Even though we have plenty of food and grocery coupons, we know that coupon clipping isn’t for everyone. Here’s a list of 1o ways to save on groceries and food without bringing coupons to the grocery store. You might also like the Ibotta app.
1. Browse your shelves before you go shopping
This practice ensures you’ll know what you need to use before it goes bad. Keep those foods in mind when you’re getting ready to plan your weekly menu. While this sounds simple, I know that I’ve ended up with way too much chicken broth and other staples that eventually go bad!
2. Check the ads before planning your meals
Shopping the sales is one of the easiest ways to reduce your grocery expenses. Most stores have websites that allow you to browse their weekly flyer and click items to add them to your shopping list.
3. Always make a list and stick to it
That way you won’t find yourself going from one side of the store to the other, trying to ignore all of those end caps and other temptations.
4. Buy store-brand products if the ingredients match
Store-brand foods have come a long way since the 2008 financial meltdown. In some cases, they’re actually the identical to the name brand product minus the snazzy packaging and advertising.
5. Opt for cheaper cuts of meat and cook slowly
The key to using cheaper cuts of beef is cooking them properly. With marinating, for instance, a pair of $7 USDA Select steaks can rival their Choice counterparts that cost twice as much.
6. Don’t be a brand loyalist
An easy way to begin doing this is by banishing brand names from your grocery list entirely. Rather than writing down “Crest,” for instance, write “toothpaste” and instead of “Cheerios” write “cereal.” You’ll remind yourself to look beyond your automatic brand preferences and find yourself saving quite a bit, too.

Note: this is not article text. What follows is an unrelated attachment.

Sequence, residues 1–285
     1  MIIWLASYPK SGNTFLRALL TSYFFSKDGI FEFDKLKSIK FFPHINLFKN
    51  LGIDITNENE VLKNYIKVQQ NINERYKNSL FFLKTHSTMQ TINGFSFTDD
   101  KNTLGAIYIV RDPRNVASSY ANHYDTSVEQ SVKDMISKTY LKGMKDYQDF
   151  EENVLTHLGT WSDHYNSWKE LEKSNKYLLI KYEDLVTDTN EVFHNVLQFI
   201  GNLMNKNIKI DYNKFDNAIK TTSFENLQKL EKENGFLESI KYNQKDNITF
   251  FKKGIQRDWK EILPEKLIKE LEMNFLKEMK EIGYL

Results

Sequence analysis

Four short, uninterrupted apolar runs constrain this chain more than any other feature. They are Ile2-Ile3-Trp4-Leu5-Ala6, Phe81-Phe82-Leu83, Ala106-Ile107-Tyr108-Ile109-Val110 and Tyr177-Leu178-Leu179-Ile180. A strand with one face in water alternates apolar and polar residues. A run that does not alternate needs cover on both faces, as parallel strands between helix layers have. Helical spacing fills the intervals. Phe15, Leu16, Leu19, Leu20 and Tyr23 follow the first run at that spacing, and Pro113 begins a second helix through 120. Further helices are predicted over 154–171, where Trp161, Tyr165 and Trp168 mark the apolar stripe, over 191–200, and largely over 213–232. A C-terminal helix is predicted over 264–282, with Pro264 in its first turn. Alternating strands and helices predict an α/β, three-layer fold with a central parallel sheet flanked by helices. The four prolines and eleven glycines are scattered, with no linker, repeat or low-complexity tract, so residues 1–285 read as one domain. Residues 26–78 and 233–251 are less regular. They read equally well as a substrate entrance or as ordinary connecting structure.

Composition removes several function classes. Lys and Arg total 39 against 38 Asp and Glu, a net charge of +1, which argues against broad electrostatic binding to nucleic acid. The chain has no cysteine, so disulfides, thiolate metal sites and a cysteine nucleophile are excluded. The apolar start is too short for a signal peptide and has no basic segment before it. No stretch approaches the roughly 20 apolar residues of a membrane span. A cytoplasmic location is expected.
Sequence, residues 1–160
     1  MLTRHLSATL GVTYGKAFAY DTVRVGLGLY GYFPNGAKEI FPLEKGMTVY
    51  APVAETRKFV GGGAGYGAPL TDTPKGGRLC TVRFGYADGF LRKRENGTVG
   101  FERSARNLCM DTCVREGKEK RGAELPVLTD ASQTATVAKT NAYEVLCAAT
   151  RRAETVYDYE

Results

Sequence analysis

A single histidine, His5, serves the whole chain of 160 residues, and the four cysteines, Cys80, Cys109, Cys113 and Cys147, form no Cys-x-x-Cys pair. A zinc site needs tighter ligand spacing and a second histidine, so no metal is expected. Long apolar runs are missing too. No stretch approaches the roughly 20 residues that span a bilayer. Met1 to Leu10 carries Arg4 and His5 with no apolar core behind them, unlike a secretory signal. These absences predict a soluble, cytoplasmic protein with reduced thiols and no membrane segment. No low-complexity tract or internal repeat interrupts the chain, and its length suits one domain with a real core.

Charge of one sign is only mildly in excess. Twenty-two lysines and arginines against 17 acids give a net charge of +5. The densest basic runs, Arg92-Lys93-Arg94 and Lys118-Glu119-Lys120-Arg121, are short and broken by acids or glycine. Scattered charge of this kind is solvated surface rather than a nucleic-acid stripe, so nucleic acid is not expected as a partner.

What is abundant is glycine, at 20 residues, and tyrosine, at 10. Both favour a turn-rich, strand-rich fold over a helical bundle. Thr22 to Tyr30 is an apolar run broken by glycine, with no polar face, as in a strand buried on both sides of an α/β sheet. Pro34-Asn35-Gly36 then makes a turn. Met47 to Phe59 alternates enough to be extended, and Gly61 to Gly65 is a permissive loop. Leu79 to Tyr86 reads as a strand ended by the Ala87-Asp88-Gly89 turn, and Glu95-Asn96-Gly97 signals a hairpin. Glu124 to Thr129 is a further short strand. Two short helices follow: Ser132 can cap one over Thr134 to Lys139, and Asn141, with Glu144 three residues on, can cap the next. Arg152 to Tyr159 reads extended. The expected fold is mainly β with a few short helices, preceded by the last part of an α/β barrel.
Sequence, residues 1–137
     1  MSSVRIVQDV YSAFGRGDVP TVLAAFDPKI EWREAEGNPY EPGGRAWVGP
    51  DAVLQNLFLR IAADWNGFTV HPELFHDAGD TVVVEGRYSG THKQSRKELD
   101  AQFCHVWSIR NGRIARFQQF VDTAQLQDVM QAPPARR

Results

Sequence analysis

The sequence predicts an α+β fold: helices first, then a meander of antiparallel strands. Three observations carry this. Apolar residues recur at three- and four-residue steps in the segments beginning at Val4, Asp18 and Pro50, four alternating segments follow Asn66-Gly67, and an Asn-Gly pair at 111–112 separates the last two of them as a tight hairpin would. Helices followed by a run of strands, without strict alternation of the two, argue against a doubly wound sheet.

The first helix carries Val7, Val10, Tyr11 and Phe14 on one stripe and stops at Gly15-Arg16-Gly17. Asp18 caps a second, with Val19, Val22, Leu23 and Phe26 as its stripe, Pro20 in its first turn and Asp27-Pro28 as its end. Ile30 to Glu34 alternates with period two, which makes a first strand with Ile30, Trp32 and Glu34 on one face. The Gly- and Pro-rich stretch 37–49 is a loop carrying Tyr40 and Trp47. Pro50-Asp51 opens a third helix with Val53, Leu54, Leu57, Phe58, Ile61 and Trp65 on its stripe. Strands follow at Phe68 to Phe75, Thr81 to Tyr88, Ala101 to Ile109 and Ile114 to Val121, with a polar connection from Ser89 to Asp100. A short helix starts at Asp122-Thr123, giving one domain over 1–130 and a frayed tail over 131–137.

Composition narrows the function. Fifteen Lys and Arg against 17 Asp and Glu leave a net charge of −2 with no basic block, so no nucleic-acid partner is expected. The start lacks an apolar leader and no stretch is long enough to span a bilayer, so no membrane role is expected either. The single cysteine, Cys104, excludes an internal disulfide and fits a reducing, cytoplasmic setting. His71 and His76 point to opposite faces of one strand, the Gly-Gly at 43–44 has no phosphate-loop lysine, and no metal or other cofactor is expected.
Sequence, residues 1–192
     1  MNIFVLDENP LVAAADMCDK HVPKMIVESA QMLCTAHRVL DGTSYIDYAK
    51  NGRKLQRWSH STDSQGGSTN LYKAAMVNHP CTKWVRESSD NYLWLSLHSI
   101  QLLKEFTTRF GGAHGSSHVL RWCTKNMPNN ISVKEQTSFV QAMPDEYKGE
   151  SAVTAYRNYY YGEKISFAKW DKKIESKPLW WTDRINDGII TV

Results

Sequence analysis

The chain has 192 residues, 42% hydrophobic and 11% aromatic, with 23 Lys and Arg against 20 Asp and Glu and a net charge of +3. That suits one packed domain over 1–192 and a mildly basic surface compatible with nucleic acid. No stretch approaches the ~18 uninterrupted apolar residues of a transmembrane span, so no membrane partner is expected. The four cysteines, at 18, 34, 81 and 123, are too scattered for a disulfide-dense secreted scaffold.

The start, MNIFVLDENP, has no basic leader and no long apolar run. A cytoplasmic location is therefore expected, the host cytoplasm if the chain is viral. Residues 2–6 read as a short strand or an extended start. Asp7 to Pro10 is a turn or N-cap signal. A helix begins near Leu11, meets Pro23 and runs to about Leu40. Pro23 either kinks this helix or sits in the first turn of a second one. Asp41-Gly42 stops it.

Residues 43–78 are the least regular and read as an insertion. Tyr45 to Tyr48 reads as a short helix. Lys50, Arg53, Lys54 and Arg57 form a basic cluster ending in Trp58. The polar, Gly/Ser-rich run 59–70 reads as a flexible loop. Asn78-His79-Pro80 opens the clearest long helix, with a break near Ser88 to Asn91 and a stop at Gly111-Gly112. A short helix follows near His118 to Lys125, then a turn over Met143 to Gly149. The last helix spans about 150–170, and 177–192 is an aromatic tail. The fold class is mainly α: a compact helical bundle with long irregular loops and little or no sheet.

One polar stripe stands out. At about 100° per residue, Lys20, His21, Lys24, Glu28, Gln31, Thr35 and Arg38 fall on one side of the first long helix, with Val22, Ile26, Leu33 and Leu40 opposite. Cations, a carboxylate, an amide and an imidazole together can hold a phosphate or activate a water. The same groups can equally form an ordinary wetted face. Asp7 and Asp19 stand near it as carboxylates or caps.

7. Look down for better prices
In other words, you’ll find the best deals on the lower shelves. This is where store brands and bulk items are located, along with bulk items that grocery stores sell to compete with Costco or Sam’s Club. Shopping from these shelves will save you the most money in most cases.
8. Don’t pay the store to do work for you
Having the store wash and chop vegetables for you is convenient but it drives the cost up sometimes as much as 40 percent. Spending an hour washing and chopping vegetables on the weekend might not sound like a lot of fun, but when it translates into savings of $20 or more it’s worth it!
9. Shop without kids if you can
There is a reason food companies target kids with their ads for soda and other unhealthy foods: it works. Pressed for time, tired parents often give in to the endless pleas for treats. Even if your kids’ treats are a box of clementine oranges, you’re still spending money you hadn’t planned on, and you’ll see it reflected on your receipt.
10. Making your own mixes is much cheaper
Whether it’s pancake mix or your own Homemade Mrs. Dash, Old Bay and Seasoning Salt, it is far cheaper to make your own.
11. Know the average price and stock up on sales
You don’t have to keep a full-fledged grocery price book to track prices on the items you purchase most often. A list on your smartphone, or even the back of a business card in your wallet, will help you recognize good deals.
12. Don’t shop when you’re hungry
The easiest way to save is to avoid shopping when you’re hungry. Impulse buying goes way up when you’re hungry, so shop during times of the day when you’re less likely to be tempted.
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